Microblading is a semi-permanent tattooing technique that creates hair like strokes to fill in sparse or thinning brows. Microblading can also be referred to as Phi Brows or eyebrow embroidery (not to be confused with emBrowdery below!). Microblading, unlike tattooing, is not in the deep layer of the skin, but more on the surface. It aims to give you an effortless full brow by creating natural looking strokes much like original hairs. Using a microblade, the colour is implanted into the superficial dermis of your skin. The microblade has a row of tiny blades enabling the specialist to make bespoke, detailed hair strokes that look like normal eyebrow hairs. An anaesthetic is applied before and during the treatment to decrease any pain or discomfort.
The first session will take about 2 hours and consultants will spend time discussion the shape and colour you would like. Your average person will need about two sessions – one first session, and then a top up four weeks later. The top up session will be shorter and take about 1 hour. The pigment will fade after the 1st session so this second session is used to add further strokes and add a darker pigment if required.
Microblading lasts between 12 -18 months but this will depend on your skin type. People with slightly more oily skin tend to last around 12 months before needing a top up, but those with normal skin can last up to 18 months. Your brows will eventually fade away if you don’t continue with top ups and salons I have been in contact with would recommend a top up every 12 months for best results.
I would say the number one thing to do if you’re thinking of getting Microblading done is to do your research and be sure to choose somewhere reputable that you can trust. When I was doing my research I came across @Julie Davis Permanent Eyebrows Wicklow who is based in Studio LR, Kilcoole. Julie’s clients before and after pictures on her Facebook page look amazing and the reviews are excellent, plus with the added bonus that her rates were slightly cheaper than a couple of other places I had checked out. For these reasons I had chosen Julie Davis Permanent Eyebrows Wicklow to get my eyebrows done – that is until I discovered I had left it too close to my treatment. I was ragging I didn’t call and get them done sooner but no point dwelling on that now! Julie is trained in CIDESCO level skin care, has been a tutor of Anatomy and Physiology of skin for 14 years and holds qualifications in skin and diseases and disorders so health and safety comes first for her. Julie was great and sent me on some detailed information on the reason you shouldn’t get Microblading done during Chemo, although as she explains herself, this will vary from one salon to another, see below:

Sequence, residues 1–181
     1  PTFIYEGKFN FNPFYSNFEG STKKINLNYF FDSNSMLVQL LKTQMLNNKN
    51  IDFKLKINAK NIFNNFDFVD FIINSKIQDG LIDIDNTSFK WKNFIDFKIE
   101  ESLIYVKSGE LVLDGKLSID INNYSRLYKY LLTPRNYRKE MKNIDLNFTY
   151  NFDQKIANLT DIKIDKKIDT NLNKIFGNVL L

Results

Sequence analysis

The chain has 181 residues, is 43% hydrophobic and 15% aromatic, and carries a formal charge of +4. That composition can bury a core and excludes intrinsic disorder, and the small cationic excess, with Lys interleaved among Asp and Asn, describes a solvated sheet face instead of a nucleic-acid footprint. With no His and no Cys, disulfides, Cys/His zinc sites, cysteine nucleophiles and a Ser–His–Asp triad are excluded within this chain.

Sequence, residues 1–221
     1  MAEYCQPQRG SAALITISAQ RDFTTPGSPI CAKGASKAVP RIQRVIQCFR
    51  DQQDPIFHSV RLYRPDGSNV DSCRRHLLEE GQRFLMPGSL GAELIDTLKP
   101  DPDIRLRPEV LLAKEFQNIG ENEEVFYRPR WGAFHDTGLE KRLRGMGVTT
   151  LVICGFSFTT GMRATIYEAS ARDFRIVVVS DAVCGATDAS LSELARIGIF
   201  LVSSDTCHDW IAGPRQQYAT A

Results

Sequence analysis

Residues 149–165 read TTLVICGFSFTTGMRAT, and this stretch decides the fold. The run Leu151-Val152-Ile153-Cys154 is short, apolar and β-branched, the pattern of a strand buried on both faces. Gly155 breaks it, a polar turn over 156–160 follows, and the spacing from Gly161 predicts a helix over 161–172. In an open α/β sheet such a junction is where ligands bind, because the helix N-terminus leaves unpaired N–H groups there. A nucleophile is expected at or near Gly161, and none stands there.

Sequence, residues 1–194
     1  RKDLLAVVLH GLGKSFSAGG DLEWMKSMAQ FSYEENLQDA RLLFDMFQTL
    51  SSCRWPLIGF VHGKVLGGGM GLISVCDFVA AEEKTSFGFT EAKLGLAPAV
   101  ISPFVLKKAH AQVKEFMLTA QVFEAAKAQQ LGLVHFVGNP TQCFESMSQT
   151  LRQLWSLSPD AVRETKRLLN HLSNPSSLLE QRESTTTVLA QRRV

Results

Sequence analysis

“Regarding Microblading for Cancer patients, there is very little regulation in Ireland, so no hard fast rules. Training courses in Ireland are mainly in-house accredited, with no examining body overseeing course content, training and assessment. Therefore, many of the SPMU (Semi Permanent Makeup Artists) in Ireland lack in a deep understanding of the skin and it’s healing. Every SPMU artist will have their own view on working with clients prior to and during Chemotherapy.
I would never take the risk of causing trauma or scarring to the skin during Microblading, or heighten the risk of infection. This is why personally, I would never Microblade the skin within 5 weeks of Chemo and for 6 months after. The skin is constantly regenerating itself, and regeneration of the outer layer (the Epidermis) takes approximately 4 weeks. So when the skin is cut with a Microblade, or anything else, it can take a full 4 weeks before it is healed. As we age, the process of regeneration slows down, so healing can take 5 – 6 weeks. (That’s why the best thing you can do for aged skin is to exfoliate, to encourage the renewal process to speed up, bringing fresh new skin to the surface!)
It’s not only our skin that’s constantly regenerating itself, our whole body is. All of our cells in our body are constantly dividing, to make new cells, and the older ones are then destroyed. Sometimes during cell division, the cells mutate. It’s normally not an issue, as the body can recognise it, and kill of the mutated cells. But sometimes, the body doesn’t notice the mutations, or does notice, but can’t do anything about it. In this case, the mutated cells are free to rapidly divide and multiply, and this is what we call ‘Cancer’.